Here is Sviatoslav Richter in the Prelude in G-sharp minor, Op 32, no. 12

Many of his piano works enjoy legendary status, and are performed around the world by the famous and the lesser known, such is their beauty, appeal and scale of challenges. Take the Third Piano Concerto, by his own admission his “favourite” of all his piano concerti – “I much prefer the Third, because my Second is so uncomfortable to play”. Due to time constraints, Rachmaninoff could not practise the piece while in Russia, and instead he practised and memorised it using a silent cardboard keyboard that he brought with him while sailing to the United States. It was premiered in New York on 28th November 1909 by Rachmaninov himself, and was dedicated to the pianist Josef Hofman, whom Rachmaninoff regarded as the greatest pianist of his generation, though Hofman never actually performed the Third Concerto.

The opening theme of the Third Piano Concerto

Monumental, treacherous, gorgeous, its fearsome technical difficulties reflect the composer’s own transcendent prowess at the keyboard. For the pianist it is forty-five minutes of almost continuous playing, the equivalent in energy expended to shovelling three tons of coal just to move the keys – and this excludes the emotional and intellectual energy used. For the audience, when played well it, it encompasses the full range of human emotions in its towering virtuosity.


Guest post by Georgina Imberger

My German teacher at school came from Prague. Frau, we called her. I shrink a little now, on first instinct, when I think that we did that. On second instinct, I think that she probably liked it.  It was a simplistic, naïve affectation and we were predictably naughty little people whose views were yet to expand. I like to think that she had a rueful smile for our cheek. Frau was different from anyone else I had met, and I thought that she and her world were fascinating. I can’t remember any of the words she used to talk about Prague, but I do remember, and still have, the picture of Frau’s Europe that ended up in my teenage head.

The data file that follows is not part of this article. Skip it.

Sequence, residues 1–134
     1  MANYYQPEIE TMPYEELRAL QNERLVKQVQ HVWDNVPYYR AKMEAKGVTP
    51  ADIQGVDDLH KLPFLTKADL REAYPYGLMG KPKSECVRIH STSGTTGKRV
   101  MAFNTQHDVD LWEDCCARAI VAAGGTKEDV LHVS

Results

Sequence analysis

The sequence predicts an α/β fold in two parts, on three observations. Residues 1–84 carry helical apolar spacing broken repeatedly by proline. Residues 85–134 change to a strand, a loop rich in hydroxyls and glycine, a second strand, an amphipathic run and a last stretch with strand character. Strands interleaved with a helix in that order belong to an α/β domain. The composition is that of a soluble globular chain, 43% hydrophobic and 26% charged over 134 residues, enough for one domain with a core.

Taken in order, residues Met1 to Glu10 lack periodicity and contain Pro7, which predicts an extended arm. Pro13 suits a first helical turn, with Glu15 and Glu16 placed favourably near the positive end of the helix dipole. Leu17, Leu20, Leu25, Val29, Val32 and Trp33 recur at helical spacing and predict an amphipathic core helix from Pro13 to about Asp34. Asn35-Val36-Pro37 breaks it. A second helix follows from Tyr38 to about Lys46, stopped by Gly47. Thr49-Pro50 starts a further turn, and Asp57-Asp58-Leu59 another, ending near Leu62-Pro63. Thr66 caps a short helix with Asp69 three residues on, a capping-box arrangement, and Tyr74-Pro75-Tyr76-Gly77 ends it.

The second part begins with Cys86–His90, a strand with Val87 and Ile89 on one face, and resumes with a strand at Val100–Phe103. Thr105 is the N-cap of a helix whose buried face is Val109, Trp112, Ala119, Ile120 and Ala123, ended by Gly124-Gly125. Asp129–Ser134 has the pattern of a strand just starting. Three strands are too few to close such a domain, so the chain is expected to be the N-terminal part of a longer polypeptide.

In a scene that well dates me to a pre-millennial high school education, we spent much of German class listening to audiotapes. The content on those things was appalling, boring and irrelevant to us, and we had no grace in tolerating it. But the tapes had a piano soundtrack, and while we were raucous, Frau would lose herself a little and sail away in the musical bridges. In those moments, I fancied I saw something that was more real than our suburban lives and more interesting than I yet understood. These memories are where I place the birth of my own love of a sideways turn and where I learnt that a true human story often plays slightly below the script.

Many years later, I finally went to Prague. I was well into my thirties by then, my life was still messy at every turn and my questions spilling out in disruptive mayhem. I went to Frau’s city hoping to meet the Europe that she had packaged for me. I walked the rambling outer suburbs for days, loving every minute. I scoffed at the tourism-gone-mad. I found gigs in dodgy venues, jumping train tracks and drinking booze too cheap to be decent. And on the word of a Czech friend made on one such night, I found myself with a ticket to a local piano recital.

As with most experiences in that chapter of my life, I was slightly hungover and a little wrought when I went. As the audience started coming in, however, my mind sharpened. We were in a community building, in a northern suburb of Prague, beautiful in its scale and simple in its set-up.  There was a chunky great grand in the front and mis-matched chairs. Here it was, Frau’s Prague. And it was filling with warm, searching faces. In an instant, it all felt like an over-due pause in my busy, busy conversation and I sensed a million noisy questions being quietly answered. The young man who came out to play that piano had a smile that knew thirteen-year-old-me. His hair was out of control and his hands were everywhere, even before they hit the keys. It was Rachmaninoff that he started with, the Prelude in C sharp minor, Op. 3, No. 2. And it was unspeakably beautiful.  I had never before, and never since, been in the presence of hands and space that could shift the landscape like they did that night.

So here is my Rachmaninoff Dreaming. A tribute to the stories told with 88 keys that drift us away and tell truths like no words can. And a toast to Frau, who had the wisdom to let us see her dream.


Georgina Imberger runs Piano Project, a Melbourne-based venture that sponsors piano lessons for children who are new immigrants to Australia. There is a fundraising concert at the Meat Market in North Melbourne on May 29 at 5.30pm, presenting the New Palm Court Orchestra, lead by pianist/composer Gemma Turvey and featuring flugelhornist Gianni Marinucci. Tickets are $20 and proceeds go to lessons for the kids. Details and tickets are on the website – www.pianoproject.org.au